“Work Out” Recaps: Episode 208

Remembering Doug Blasdell — This week’s episode, the season finale, picks up a few weeks after Doug’s passing. His friends at Sky Sport decide to honor and remember him by doing something he loved: hugging. No, they’re going to go bike riding. The trainers gather at the gym with their bikes (lugging them up to Sky Sport’s penthouse floor for no reason other than it makes a nice video shot) and sit out on the deck putting on their helmets. There is absolutely no way to look cool in a bike helmet. Everyone looks like either a mushroom or a human-alien hybrid from Alien.

Doug did like to ride. He taught spinning classes and rode in many events over the years. We see him in some home video footage from the California AIDS/LifeCycle in 2000. Ceo is there too. On camera, Doug looks fit and young and proudly says that his team raised over $100,000 for the event. Watching old footage of him is eerie.

The trainers make their way out of downtown L. A. and head toward the beach. As they do, the show inter cuts interviews, where the gang shares their thoughts about Doug.

Erika: I can’t believe that Doug is gone. Here’s someone who was so healthy and beautiful and kind and nice …

She trails off and starts to cry.

Zen: I thought about Doug and what I was going to miss … and things that I didn’t get to say. Why don’t I tell people that I love them before they’re gone? Why? He helped me through a tough time.

Flashback to last season when Zen was depressed after a breakup and Doug helped her get through it. They went for a hike in the hills, and like any gay man worth his salt, he listened to Zen’s straight-girl problems all the livelong day.

At the beach, the gang gathers ’round a fire pit in the sand to watch the sun go down and reminisce. Zen feels like Doug is still with them. Andre tells everyone Doug was the first gay person he was ever close to who didn’t skeeve him out — that’s how special he was. Mr. PFLAG thinks that’s a high compliment.

Earlier this season, Jesse managed to put his bitchiness on hold and forgive Doug for the little tiff they had over Doug’s interview on AfterElton.com Today, he has nothing but good things to say.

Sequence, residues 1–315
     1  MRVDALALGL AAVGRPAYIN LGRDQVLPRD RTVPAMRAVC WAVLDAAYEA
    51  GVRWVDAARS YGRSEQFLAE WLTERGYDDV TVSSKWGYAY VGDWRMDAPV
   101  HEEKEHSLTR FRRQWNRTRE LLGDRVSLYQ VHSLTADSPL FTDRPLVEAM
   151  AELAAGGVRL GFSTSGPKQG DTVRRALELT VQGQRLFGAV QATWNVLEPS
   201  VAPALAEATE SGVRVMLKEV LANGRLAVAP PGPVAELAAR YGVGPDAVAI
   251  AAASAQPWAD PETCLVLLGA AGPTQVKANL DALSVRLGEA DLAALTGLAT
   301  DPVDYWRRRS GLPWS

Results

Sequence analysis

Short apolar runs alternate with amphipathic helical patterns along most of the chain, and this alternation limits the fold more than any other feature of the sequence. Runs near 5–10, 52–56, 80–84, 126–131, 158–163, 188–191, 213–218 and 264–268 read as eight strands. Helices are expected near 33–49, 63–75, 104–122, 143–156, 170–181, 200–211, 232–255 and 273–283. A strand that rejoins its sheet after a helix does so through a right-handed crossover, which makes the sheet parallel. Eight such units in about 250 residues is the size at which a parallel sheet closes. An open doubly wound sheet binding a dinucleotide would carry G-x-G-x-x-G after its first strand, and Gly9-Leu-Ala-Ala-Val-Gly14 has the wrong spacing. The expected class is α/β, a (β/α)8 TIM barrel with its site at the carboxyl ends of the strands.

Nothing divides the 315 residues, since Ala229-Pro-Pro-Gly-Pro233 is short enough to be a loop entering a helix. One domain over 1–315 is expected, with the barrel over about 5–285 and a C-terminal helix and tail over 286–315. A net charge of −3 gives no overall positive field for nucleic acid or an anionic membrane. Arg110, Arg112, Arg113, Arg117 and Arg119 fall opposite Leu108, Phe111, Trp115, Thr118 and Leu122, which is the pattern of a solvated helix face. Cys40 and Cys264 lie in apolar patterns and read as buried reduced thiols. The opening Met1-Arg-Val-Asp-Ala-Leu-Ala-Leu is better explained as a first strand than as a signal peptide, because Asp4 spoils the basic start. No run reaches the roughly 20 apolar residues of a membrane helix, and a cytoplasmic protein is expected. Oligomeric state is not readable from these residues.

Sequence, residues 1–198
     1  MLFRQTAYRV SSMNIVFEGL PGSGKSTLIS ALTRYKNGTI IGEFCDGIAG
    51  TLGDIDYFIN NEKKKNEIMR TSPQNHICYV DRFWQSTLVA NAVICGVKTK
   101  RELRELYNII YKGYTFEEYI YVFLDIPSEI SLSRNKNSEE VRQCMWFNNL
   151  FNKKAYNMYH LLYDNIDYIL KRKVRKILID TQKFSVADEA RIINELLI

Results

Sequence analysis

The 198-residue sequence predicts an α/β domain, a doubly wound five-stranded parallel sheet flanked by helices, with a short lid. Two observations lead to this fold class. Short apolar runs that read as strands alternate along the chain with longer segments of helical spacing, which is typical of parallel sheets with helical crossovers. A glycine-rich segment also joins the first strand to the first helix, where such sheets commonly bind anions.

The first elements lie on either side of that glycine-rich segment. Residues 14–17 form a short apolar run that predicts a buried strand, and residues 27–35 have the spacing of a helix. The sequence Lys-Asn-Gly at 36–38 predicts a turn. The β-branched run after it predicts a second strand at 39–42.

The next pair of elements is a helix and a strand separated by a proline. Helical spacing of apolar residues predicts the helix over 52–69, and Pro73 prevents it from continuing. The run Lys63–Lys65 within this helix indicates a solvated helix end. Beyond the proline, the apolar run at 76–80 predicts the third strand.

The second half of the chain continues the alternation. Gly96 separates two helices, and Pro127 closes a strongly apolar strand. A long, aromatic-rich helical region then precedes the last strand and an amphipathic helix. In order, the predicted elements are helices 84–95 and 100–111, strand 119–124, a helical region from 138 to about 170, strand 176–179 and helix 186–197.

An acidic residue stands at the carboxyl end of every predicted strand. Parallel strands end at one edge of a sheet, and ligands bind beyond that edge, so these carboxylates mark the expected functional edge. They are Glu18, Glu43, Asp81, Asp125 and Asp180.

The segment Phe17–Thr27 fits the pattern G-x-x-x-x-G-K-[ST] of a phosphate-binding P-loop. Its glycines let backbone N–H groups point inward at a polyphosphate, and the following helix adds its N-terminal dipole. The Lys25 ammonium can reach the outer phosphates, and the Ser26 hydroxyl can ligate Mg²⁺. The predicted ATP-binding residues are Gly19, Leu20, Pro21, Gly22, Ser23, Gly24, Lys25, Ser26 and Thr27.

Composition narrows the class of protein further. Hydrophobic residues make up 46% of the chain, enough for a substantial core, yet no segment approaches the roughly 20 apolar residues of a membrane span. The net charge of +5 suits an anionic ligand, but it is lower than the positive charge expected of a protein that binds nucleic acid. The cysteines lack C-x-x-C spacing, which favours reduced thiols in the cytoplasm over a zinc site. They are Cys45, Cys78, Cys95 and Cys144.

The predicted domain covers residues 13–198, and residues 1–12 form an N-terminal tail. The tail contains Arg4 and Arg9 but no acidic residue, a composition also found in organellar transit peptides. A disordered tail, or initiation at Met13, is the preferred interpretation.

Jesse: In retrospect, in all honesty, you have a man who lived his life with his heart. And he took care of everyone in his life. And he was caring and giving and beautiful. So, he wasn’t just a good role model for the gay community, he’s a good role model for everybody.

Unlike Jesse, who’s no kind of role model for anyone, except maybe petulant drama queens.

Brian, who thought of Doug as a brother, was hit hardest by his passing. Brian keeps Doug’s principles, handwritten on a scrap of paper, in his wallet now: “Just for today, do not worry. Just for today, do not anger. Honor your parents, teachers and elders. Earn your living honestly. Show gratitude to all living things.” Brian gets choked up and has to leave the interview chair.

Back at the beach, Brian stands alone, pensively watching the tide come in. There’s a shot of an empty sky. Now he’s sitting on the wet sand talking to the waves: “I’m gonna miss ya, man. I’m gonna miss ya.”

It’s real and it’s tragic that Doug died so young, especially since he was the only halfway normal person in the gym. And I fully believe Brian misses his friend dearly. But talking to the ocean? Hello? Producers of this show: Put the trowel away.

Nobody heard me, because next, we watch a montage of Doug Hugs: hugging a client, hugging Jackie, hugging another client, hugging Cheo. OK, there’s a lingering shot of Doug with his shirt off, man nipples and all. A genuinely nice guy with a ripped body, caring heart and giving personality. It really is a shame, and I’m not even a gay man.

Jackie wraps up the beach tribute to Doug.

Jackie: We could finally come to terms with what had happened. Doug will be missed. He brought a light and energy to Sky Sport that was undeniable, and I miss him every day that I walk into my business and I don’t get to see his face and those beautiful blue eyes smiling at me.

“Every day that I walk into my business.” She never, ever misses an opportunity to say me, my or mine. She’s as reliable as an atomic clock. And about as charming.